Legislation now introduced in the US House of Representatives that would end the flawed sustainable growth rate (SGR) is missing a permanent repeal of the therapy cap. According to APTA advocacy staff, it's a troubling omission for physical therapists (PTs), and one that has sparked renewed calls for member action from APTA.

    The bill ready for House consideration repeals the SGR, but only includes a 2-year extension of the therapy cap exceptions process. Supporters of therapy cap repeal believe that the best chance of ending the cap exists when it's tied to an SGR repeal bill.

    Although APTA supports SGR repeal and other features of this particular bill, "We don't view a 2-year extension of this policy as a win," said Mandy Frohlich, APTA vice president of government affairs. "It separates the therapy cap repeal from the SGR repeal, which is problematic."

    In an action alert issued on March 24, APTA warned that the exclusion of a permanent therapy cap repeal in the SGR legislation "is a missed opportunity for a long-term solution and puts beneficiaries in a dire situation when this [proposed 2-year] extension expires." Members are being urged to contact their legislators to call for a permanent repeal of the cap to be included with any bill that would repeal the SGR. APTA has posted the latest information on the issue at the association's therapy cap webpage.

    The association also joined the American Occupational Therapy Association and the American Speech-Language-Hearing Association in issuing a news release that calls the separation of a permanent repeal of the SGR from a permanent therapy cap repeal "a risky approach for Medicare beneficiaries." Occupational and speech-language-hearing therapies are also impacted by the therapy cap.

    "If Congress fails to include a permanent solution for the therapy cap in this bill, it will have purposely missed the only significant opportunity in almost 20 years to fix this critical patient issue," said APTA President Paul Rockar Jr, PT, DPT, MS, in the joint news release. "A bipartisan solution has been negotiated. These policies were created together. They should be fixed together."

    In the (likely) event that Congress does not complete its work on this bill before it recesses on March 28, it is unclear how lawmakers will respond to a looming March 31 deadline that would trigger 21% cuts in Medicare payments via the SGR. It is possible that legislators would approve a short-term extension of the current fixes, but no formal proposals have been released.

    Even if the SGR bill is approved by the House in the coming days, the Senate would be pressed to take it up before Congress recesses. The break, coupled with some Democrats' concerns about other provisions in the legislation, could open a window that would allow grassroots and lobbying efforts to have a greater impact.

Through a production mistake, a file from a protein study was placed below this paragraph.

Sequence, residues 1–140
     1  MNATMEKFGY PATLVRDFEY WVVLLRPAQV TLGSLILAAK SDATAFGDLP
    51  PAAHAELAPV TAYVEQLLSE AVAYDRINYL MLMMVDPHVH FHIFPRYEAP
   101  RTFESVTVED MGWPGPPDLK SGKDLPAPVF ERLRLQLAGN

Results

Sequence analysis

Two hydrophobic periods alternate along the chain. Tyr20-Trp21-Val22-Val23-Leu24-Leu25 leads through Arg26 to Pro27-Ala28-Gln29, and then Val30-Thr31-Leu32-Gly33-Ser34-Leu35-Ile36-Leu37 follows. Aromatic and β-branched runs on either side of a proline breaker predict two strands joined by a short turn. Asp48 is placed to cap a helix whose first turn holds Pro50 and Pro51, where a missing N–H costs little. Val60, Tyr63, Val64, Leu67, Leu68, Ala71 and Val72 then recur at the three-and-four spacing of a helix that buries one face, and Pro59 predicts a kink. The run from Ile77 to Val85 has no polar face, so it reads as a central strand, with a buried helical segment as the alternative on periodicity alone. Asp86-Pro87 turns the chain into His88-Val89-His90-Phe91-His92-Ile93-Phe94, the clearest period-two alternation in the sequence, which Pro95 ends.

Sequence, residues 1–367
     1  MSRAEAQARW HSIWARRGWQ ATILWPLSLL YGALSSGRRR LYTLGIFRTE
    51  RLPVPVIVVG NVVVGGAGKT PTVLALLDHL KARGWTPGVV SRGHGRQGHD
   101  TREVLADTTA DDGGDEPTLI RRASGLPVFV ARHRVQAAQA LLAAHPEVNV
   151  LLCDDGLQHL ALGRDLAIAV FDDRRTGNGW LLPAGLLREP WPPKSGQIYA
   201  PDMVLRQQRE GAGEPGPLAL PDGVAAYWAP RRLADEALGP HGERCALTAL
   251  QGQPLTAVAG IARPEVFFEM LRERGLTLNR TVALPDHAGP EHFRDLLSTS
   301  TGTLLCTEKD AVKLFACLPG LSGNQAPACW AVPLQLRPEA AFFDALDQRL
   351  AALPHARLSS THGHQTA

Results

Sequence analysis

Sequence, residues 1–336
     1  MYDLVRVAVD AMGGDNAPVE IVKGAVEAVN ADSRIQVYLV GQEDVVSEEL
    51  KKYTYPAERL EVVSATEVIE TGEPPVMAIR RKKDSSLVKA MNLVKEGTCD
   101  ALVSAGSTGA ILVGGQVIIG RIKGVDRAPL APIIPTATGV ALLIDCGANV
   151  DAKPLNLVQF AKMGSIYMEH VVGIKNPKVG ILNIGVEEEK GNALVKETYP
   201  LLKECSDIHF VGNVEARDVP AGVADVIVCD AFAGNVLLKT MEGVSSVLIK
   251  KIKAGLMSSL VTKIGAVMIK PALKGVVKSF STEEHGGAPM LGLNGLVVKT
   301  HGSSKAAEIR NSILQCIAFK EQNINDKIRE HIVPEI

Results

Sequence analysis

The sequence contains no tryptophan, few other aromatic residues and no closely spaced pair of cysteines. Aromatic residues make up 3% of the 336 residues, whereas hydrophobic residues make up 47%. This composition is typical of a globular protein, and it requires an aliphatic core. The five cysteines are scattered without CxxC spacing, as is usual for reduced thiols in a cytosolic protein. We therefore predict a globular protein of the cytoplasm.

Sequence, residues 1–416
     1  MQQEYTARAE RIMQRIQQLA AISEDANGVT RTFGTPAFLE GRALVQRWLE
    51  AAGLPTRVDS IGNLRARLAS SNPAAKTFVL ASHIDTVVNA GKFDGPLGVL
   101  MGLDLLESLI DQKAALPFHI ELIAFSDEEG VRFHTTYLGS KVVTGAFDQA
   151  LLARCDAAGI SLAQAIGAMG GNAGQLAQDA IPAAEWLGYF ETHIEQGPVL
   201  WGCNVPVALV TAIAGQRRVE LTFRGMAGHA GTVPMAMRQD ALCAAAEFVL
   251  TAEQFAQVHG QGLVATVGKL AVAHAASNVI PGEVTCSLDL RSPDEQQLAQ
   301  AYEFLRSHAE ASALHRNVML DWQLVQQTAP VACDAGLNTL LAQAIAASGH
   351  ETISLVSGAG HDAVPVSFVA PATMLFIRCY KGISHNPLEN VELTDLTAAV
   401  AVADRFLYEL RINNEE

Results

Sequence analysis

Though the current SGR legislation lacks the crucial therapy cap element, it does include some provisions that are generally supported by APTA. Among them:

    • Positive changes to the competitive acquisition program for Medicare durable medical equipment, prosthetics, orthotics, and supplies
    • The inclusion of the Protecting Integrity in Medicare Act, which bolster's Medicare's ability to fight fraud

    However, the lack of a permanent repeal of the therapy cap represents a glaring flaw in the legislation, according to Frohlich.

    "It's more important than ever for members to speak up on this issue," said Frohlich. "We will continue to work with Senate champions to slow this down to correct this policy."

    The legislative landscape around the SGR and therapy cap continues to change. APTA will monitor the situation and update members as events warrant; however, the need for grassroots efforts on the therapy cap remains urgent. Find out how you can take action.


    Thursday, March 19, 2015RSS Feed

    Therapy Cap Repeal Could be 'In Jeopardy': Action Needed

    Repeal of the flawed sustainable growth rate (SGR) may be closer than ever to becoming reality, but will a permanent fix to the therapy cap be left behind? APTA and a coalition of providers and consumers have ramped up calls for grassroots action to make sure that doesn't happen.

    Late last week, House Speaker John Boehner and Democratic Leader Nancy Pelosi announced that they were working together on legislation that would permanently end the SGR formula instead of working out yet another temporary "doc fix" and punting the issue for another year. If Congress doesn't act on the SGR by March 31, Medicare providers would face a 21% cut to Medicare payments.

    The final bill has not been introduced in the House, and APTA and other organizations have received conflicting reports about whether the proposed legislation would include full repeal of the therapy cap provisions or just an extension of the therapy cap exceptions process. Repeal of the therapy cap is a central focus of the association's advocacy efforts.

    In an action alert issued this week, APTA's advocacy staff described therapy cap repeal as "in jeopardy" and urged members to take immediate action by contacting their legislators and telling them to insist that repeal of the therapy cap be included in any legislation that would end the SGR.

    "For anyone who understands how the therapy cap impacts patient access to necessary rehabilitation services, now is the time for action," said Mike Matlack, APTA director of grassroots and political affairs. "If a full repeal of the therapy cap isn't included with a full repeal of the SGR, over 1 million beneficiaries will face a very real obstacle to receiving adequate care."